alexa In vivo shear stress determines circulating levels of endothelial microparticles in end-stage renal disease.
General Science

General Science

Journal of Biotechnology & Biomaterials

Author(s): Boulanger CM, Amabile N, Gurin AP, Pannier B, Leroyer AS,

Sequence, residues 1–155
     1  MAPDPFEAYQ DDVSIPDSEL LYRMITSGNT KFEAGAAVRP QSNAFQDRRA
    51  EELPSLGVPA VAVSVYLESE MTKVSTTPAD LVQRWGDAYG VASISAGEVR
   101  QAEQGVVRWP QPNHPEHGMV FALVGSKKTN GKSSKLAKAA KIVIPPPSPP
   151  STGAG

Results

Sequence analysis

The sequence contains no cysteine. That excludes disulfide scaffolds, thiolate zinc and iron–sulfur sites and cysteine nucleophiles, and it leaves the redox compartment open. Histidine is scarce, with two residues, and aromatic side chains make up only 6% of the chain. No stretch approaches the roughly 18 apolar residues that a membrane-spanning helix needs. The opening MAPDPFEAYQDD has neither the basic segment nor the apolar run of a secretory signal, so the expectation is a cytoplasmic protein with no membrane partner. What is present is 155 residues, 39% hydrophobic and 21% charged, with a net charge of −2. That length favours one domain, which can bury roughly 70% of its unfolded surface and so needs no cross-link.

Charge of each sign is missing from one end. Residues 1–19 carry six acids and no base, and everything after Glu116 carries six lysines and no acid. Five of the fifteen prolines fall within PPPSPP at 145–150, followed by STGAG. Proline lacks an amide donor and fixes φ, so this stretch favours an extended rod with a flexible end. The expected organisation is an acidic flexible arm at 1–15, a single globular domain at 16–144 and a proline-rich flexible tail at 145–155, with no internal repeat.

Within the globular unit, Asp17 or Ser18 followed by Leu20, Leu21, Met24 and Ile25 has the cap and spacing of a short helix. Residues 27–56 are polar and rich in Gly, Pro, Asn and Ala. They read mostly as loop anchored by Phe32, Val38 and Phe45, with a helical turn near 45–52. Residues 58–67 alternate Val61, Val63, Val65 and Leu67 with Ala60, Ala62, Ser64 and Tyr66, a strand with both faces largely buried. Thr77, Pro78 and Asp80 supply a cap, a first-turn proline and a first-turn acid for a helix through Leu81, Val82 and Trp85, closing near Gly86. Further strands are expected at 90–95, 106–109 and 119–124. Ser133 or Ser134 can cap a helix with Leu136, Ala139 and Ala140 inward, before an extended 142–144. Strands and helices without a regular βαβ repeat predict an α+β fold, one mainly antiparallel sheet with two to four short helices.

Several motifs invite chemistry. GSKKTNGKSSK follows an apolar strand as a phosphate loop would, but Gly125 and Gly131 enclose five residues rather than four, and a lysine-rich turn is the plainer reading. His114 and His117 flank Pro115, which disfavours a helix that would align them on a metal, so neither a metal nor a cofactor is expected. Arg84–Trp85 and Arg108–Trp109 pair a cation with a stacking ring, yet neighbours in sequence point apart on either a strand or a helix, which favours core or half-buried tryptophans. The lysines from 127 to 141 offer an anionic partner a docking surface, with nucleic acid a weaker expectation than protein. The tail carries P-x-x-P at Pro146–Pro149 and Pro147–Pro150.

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Abstract Shear stress is a major determinant of endothelial apoptosis, but its role in the in vivo release of shed membrane microparticles by endothelial cells remains unknown. Thus, we sought to evaluate the possible relationship between circulating endothelial microparticle levels and laminar shear stress in end-stage renal disease patients with high cardiovascular risk, whose levels of endothelial microparticles are elevated. In 34 hemodialyzed patients, we analyzed the relationships between brachial artery and aortic shear stress and circulating microparticles levels. Only endothelial microparticles were inversely correlated with laminar shear stress values (P<0.0001) or its components shear rate and whole blood viscosity, independent of age or arterial blood pressure. Changes in hematocrit resulting from hemodialysis-induced hemoconcentration or erythropoietin anemia improvement induced a significant increase in whole blood viscosity and shear stress and were associated with a significant decrease in endothelial microparticles with a significant and inverse correlation with changes in hematocrit/hemoglobin or laminar shear stress. These results demonstrate that, in end-stage renal disease patients, laminar shear stress is an important determinant of plasma levels of endothelial microparticles. Anemia as an important determinant of whole blood viscosity and shear stress, contributes to endothelial apoptosis, and could play an indirect role in the pathogenesis of accelerated arteriosclerosis in this high-risk population. This article was published in Hypertension and referenced in Journal of Biotechnology & Biomaterials

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